Source: BBC News
Date: 20 July 2008

How emotional pain can really hurt

By Vivienne Parry
Radio 4's The Pain Of Emotion

Love really does hurt, just as poets and song lyric writers claim.

New brain scanning technologies are revealing that the part of the brain that processes physical pain also deals with emotional pain.

And in the same way that in some people injury can cause long-lasting chronic pain, science now reveals why some will never get over such heartbreak.

Emotional pain can take many forms; a relationship break-up or social exclusion, for example.

But it does not get any more extreme than losing a loved one, as Scottish broadcaster Mark Stephen did.

In July 1995 he was driving a tractor while hay-making and accidentally hit his young daughter. She died shortly afterwards .

Mark's grief was overwhelming, he says.

"If you listen to people who are damaged emotionally, they will often translate their pain into physical similes"
Professor David Alexander,
Aberdeen Centre for Trauma Research

"When people talk about a broken heart, that for me was where it was seated, just below your sternum.

"It feels like your heart is leaking and you can't run away from it because you are the source of that pain."

Thinking he would go mad with grief, he sought help from David Alexander.

Professor Alexander is director of the Aberdeen Centre for Trauma Research. He led the psychiatric team that first responded to the Piper Alpha oil-rig disaster.

Since then, he has been involved in helping survivors of many disasters including the Asian tsunami, the war in Iraq and, most recently, the earthquake in Pakistan.

He also managed to get Mark Stephen through his darkest days.

'My guts are aching'

Professor Alexander is not surprised about the link between physical and emotional pain:

"If you listen to people who are damaged emotionally, they will often translate their pain into physical similes: 'My head is bursting, my guts are aching' and so on. The parallel is very strong."

But medical research has tended to concentrate on physical pain.

Neuroscientist Mary Frances O'Connor at the University of California, Los Angeles (UCLA) is one of the scientists who have propelled emotional pain up the research agenda.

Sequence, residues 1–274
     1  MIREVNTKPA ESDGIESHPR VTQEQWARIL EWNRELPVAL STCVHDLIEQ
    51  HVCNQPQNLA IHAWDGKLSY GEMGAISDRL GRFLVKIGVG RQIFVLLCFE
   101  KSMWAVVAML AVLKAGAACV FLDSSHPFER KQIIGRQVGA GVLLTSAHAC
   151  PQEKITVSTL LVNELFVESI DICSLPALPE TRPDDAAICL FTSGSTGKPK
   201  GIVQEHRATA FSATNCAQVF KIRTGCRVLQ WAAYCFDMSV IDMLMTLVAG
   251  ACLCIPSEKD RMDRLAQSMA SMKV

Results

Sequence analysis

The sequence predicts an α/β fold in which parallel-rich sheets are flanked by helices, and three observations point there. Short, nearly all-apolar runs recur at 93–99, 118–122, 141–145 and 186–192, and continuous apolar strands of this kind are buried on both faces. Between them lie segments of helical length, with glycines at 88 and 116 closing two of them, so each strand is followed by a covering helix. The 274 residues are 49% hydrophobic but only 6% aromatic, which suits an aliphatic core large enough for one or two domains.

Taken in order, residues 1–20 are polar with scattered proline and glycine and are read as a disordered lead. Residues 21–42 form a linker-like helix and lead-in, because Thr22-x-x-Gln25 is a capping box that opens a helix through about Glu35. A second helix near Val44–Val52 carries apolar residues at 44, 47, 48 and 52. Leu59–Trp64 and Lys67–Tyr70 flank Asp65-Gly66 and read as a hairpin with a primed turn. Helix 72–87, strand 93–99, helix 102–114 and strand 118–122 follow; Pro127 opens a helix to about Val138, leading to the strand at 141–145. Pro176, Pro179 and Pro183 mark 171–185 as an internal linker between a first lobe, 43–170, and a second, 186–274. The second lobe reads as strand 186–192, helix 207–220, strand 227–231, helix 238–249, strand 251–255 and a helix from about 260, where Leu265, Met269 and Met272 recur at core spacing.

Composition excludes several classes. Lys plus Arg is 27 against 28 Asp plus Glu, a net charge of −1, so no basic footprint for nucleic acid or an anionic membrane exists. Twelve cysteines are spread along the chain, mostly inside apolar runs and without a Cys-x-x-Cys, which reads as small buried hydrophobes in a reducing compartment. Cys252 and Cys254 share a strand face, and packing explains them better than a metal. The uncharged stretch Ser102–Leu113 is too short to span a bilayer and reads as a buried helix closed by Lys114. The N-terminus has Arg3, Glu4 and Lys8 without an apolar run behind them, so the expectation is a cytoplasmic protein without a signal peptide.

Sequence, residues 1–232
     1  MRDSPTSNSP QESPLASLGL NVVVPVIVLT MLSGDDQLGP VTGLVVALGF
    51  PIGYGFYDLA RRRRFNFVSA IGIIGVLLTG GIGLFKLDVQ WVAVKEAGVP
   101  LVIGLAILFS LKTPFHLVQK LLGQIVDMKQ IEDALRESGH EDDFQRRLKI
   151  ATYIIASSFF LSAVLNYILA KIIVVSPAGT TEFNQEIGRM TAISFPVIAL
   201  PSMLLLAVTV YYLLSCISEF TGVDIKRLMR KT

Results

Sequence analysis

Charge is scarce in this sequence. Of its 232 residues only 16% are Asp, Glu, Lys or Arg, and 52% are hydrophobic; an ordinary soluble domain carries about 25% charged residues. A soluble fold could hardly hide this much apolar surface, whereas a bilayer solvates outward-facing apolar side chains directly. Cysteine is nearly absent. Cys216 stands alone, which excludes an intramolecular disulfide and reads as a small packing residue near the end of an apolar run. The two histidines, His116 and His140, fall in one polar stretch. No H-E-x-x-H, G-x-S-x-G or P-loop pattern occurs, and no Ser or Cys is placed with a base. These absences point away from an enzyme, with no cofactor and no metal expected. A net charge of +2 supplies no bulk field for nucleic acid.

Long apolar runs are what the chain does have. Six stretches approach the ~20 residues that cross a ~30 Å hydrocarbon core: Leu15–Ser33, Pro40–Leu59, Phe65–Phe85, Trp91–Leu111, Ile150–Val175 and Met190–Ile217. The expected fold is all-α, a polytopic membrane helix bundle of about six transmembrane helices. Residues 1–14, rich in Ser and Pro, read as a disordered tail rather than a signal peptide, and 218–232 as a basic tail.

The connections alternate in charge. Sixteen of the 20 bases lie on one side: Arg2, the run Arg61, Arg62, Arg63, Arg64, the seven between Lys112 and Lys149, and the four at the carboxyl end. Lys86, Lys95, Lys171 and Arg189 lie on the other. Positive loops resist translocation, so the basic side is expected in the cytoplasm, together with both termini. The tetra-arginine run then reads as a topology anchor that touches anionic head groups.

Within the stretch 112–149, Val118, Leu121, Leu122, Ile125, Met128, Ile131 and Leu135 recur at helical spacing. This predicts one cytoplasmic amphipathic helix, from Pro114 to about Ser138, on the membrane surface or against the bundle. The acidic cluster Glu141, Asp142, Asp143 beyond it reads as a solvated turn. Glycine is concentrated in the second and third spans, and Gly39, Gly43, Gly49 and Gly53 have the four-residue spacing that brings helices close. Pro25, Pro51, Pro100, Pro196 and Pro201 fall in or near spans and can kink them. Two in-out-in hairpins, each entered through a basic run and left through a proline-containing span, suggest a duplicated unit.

"We're at a very new time when we can use technologies to look at the brain and the heart," she says.

Naomi Eisenberger at UCLA has shown which parts of the brain are active when we feel emotional pain.

She devised an intriguing computer game in which participants were deliberately made to feel left out.

Simultaneous brain scanning revealed that the pain of being socially rejected was processed in much the same way in the brain as physical pain and in the same area, the anterior cingulate cortex.

'Complex grief'

Why should physical and emotional pain be linked in this way?

Social relationships are crucial to our survival as a species. In dangerous situations, a lone human is in peril whereas a group may survive.

"The social attachment system is piggy-backed onto the physical pain system to make sure we stay connected to close others," says Naomi Eisenberger.

"Being wrenched from another or rejected by a group is painful, so we avoid it."

"There is an increased risk of dying in the six months after bereavement"

Professor Martin Cowie,
Brompton Hospital

Physical pain warns us not to do something, walk on a broken ankle for instance. And emotional pain too can be a warning - "don't go near that sort of man again", "avoid women like her".

But sometimes physical pain can become chronic, long outlasting its original purpose, and emotional pain is the same.

Mary Frances O'Connor calls it "complex grief" and it occurs in about 10% of people after bereavement.

"They experience a lot of bitterness and anger, that their future is senseless. They don't adapt with time as others do."

There is a very strong suspicion that people who are not adapting to bereavement are also those who experience the greatest levels of physical pain.

But can we die from a broken heart?

Martin Cowie is professor of cardiology at the Brompton Hospital. He is very sure of the answer: "Yes, we can.

"There is an increased risk of dying in the six months after bereavement and it's particularly marked amongst men."

The bereaved are much more likely to be involved in accidents, which is perhaps understandable, but also to die from heart attacks and stroke. The hormones involved in the stress of bereavement make these events more likely.

This knowledge makes it essential to identify and treat those whose emotional pain is likely to become chronic, causing debilitating depression or even death.

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